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IOS Integration Testing by Square (squareup.com)
133 points by sahillavingia on July 15, 2011 | hide | past | web | favorite | 27 comments

Ok, this might be somewhat dumb; I'm just starting to get into testing. How does KIF[1] compare to Kiwi[2]?


[1]: http://corner.squareup.com/2011/07/ios-integration-testing.h...

[2]: http://http://www.kiwi-lib.info/

Kiwi is for unit testing, KIF is for integration testing. They don't do the same thing (nor try to). Since you said you're just starting to get into it, here's what that means:

Integration tests simulate a user using your app - tapping on controls, manipulating views, typing in text, etc (see the video in the blog post). As these steps run you have simple tests to make sure the app is behaving as you expect it to.

Unit tests exercise more discrete things like model objects, controller logic, validations. Tons of small tests like "when we add these money values together, is the sum what we expect?".

At Square we use KIF for integration tests and GHUnit for unit tests. We run both on a continuous integration system (CruiseControl.rb) that runs the tests whenever we push new code.

The best thing I got out of this is that I discovered Square's GitHub account... with an astonishing 65 repositories. I already held Square in high regard; this just icing on the cake.

Project followers might be a more relevant metric for impact than the number of repo's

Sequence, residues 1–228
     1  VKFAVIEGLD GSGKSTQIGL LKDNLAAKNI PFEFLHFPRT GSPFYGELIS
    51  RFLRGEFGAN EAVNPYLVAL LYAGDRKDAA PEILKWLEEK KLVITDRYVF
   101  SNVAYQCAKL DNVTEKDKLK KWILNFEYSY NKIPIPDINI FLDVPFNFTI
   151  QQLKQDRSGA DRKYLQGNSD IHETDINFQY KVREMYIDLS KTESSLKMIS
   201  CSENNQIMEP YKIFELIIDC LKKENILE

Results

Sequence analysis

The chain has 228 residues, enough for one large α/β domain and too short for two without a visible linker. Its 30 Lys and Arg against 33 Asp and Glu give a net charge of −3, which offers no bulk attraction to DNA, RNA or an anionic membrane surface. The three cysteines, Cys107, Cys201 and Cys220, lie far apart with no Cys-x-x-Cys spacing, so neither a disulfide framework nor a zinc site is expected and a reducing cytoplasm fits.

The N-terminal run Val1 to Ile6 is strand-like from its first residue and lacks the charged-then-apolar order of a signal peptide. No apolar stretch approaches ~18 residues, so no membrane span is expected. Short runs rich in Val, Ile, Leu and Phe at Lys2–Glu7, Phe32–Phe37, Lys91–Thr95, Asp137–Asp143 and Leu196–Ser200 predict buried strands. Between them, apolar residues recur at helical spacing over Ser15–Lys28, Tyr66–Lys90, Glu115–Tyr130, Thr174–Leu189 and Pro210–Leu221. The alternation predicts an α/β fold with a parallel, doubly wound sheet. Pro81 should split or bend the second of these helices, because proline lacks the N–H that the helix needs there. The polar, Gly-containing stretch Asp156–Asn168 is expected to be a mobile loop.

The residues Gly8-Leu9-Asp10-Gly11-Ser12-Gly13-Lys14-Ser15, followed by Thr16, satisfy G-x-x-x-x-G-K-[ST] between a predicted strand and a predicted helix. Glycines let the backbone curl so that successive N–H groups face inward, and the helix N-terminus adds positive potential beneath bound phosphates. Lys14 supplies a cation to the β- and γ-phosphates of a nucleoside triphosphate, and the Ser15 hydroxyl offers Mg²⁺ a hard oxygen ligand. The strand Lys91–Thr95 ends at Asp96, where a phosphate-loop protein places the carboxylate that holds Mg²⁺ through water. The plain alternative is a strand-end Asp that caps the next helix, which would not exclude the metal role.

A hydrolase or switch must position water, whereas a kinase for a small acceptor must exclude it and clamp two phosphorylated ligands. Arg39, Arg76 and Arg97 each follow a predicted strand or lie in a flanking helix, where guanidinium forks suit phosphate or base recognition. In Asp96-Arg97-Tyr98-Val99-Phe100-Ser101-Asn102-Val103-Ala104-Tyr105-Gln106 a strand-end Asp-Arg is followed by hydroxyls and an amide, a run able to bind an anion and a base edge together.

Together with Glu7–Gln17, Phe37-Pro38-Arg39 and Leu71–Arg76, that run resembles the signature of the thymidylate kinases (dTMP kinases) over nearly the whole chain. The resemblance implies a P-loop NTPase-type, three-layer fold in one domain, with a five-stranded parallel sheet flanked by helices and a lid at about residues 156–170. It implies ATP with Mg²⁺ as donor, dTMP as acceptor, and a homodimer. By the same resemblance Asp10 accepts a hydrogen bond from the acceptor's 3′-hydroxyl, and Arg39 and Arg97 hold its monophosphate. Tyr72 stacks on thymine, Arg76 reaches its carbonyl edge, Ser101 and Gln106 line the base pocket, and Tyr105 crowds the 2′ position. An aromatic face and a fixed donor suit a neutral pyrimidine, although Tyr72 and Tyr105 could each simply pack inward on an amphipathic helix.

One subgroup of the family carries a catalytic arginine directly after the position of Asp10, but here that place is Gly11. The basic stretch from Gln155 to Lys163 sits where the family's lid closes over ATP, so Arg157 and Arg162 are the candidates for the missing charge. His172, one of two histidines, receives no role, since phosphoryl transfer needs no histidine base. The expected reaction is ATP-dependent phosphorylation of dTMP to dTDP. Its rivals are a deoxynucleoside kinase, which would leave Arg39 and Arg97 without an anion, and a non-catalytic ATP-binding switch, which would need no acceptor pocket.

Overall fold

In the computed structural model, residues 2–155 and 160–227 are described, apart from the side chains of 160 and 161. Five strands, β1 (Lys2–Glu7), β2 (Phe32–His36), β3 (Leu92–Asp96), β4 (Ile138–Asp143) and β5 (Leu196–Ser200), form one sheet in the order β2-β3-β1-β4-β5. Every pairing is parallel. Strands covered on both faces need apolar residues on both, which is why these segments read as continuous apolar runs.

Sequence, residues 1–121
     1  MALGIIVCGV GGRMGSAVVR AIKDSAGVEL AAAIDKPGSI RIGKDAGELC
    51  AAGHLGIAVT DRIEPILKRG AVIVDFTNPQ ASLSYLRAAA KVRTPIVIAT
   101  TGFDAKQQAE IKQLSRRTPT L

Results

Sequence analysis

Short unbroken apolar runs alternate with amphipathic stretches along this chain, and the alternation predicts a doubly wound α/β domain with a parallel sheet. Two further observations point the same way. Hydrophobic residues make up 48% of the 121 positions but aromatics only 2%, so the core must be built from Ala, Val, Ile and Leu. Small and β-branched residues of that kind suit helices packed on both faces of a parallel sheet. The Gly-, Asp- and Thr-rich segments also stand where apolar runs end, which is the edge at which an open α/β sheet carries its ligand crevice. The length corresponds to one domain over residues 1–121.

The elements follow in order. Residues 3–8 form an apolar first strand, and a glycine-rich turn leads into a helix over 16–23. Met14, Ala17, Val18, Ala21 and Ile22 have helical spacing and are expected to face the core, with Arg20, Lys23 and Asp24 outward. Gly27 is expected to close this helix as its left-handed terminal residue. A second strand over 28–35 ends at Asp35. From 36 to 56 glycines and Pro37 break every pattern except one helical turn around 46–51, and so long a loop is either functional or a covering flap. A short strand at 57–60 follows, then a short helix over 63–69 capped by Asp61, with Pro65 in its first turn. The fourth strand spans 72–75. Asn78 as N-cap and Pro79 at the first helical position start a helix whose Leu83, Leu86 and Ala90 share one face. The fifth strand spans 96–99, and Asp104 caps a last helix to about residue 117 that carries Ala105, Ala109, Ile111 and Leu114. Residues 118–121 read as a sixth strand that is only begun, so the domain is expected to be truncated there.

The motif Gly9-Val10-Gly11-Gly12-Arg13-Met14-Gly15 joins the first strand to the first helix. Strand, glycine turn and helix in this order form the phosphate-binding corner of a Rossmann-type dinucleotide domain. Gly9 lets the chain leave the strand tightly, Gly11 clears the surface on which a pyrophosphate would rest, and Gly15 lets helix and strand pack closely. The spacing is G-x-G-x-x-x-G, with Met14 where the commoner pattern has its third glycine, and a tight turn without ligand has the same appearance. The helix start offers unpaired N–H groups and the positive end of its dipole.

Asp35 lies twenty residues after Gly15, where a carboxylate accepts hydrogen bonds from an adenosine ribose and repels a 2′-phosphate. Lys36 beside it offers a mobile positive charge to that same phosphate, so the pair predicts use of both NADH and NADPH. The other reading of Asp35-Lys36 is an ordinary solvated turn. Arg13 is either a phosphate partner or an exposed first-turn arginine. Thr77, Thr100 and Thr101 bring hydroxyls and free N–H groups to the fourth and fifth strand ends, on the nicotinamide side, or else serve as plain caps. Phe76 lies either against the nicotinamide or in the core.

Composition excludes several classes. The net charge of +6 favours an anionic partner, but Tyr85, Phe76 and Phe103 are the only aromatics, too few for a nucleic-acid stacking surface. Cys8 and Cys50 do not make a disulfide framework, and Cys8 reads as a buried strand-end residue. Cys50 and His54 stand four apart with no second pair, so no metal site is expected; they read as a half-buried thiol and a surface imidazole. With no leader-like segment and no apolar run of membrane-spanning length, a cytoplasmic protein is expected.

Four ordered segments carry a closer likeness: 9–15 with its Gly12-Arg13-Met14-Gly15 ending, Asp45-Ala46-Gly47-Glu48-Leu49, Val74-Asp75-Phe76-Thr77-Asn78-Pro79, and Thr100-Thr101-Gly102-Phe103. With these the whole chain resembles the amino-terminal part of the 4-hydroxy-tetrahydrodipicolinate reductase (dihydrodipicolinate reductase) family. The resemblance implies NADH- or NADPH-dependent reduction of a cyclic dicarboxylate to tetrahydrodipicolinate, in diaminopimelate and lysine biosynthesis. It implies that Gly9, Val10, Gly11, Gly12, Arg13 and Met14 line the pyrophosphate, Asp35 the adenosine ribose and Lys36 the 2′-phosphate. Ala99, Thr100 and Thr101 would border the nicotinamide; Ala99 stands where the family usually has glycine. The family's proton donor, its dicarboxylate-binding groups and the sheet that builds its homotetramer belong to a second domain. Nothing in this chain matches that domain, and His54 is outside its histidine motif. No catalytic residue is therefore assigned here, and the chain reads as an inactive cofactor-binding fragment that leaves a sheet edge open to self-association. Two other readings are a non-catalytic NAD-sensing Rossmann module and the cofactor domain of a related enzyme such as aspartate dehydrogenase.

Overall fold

Indeed. I have over a hundred repos, and I'm useless ;)

totally agreed :) I discovered border_patrol, rack-timezone, rack-geo

Semi-related, does anyone perform automated unit test deployment, execution, and reporting on iOS devices? If so, how do you do it?

At my current company we have a rather large automated test infrastructure that builds and runs ~50 or so individual libraries and their associated unit test programs on around 20 different configurations for 10 different platforms. Most of these platforms have a way of doing an unattended deployment of our test programs (and associated data) to the device, execute the programs, and retrieve the output.

This isn't working on iOS though because of its dependency to Xcode. We've tried scripting Xcode with AppleScript but this is fragile and routinely breaks.

Has anyone tackled this problem and succeeded?

Yup. I've setup a Jenkins server that uses a combination of xcodebuild and xcrun. The process:

  - clones the repo from git
  - builds with xcodebuild
  - signs/provisions with xcrun
  - creates a manifest file for over-the-air installs
  - copies the build to a server where users can install
  - saves off the symbol file for our crash server so it can symbolicate crashes
  - sends emails
It would run unit tests and integration tests if we had them. :)

Thanks for the xcrun hint! Does that still handle the application/data deployment and execution, or does it just automate the packaging? All the information I can gather about doing OTA deployment points to still requiring the user to initiate the download, and then run it. I'd like to avoid that if possible because of the sheer number of libraries we need to test.

Have you tried xcodebuild? You should be able to execute unit tests from the command line with it.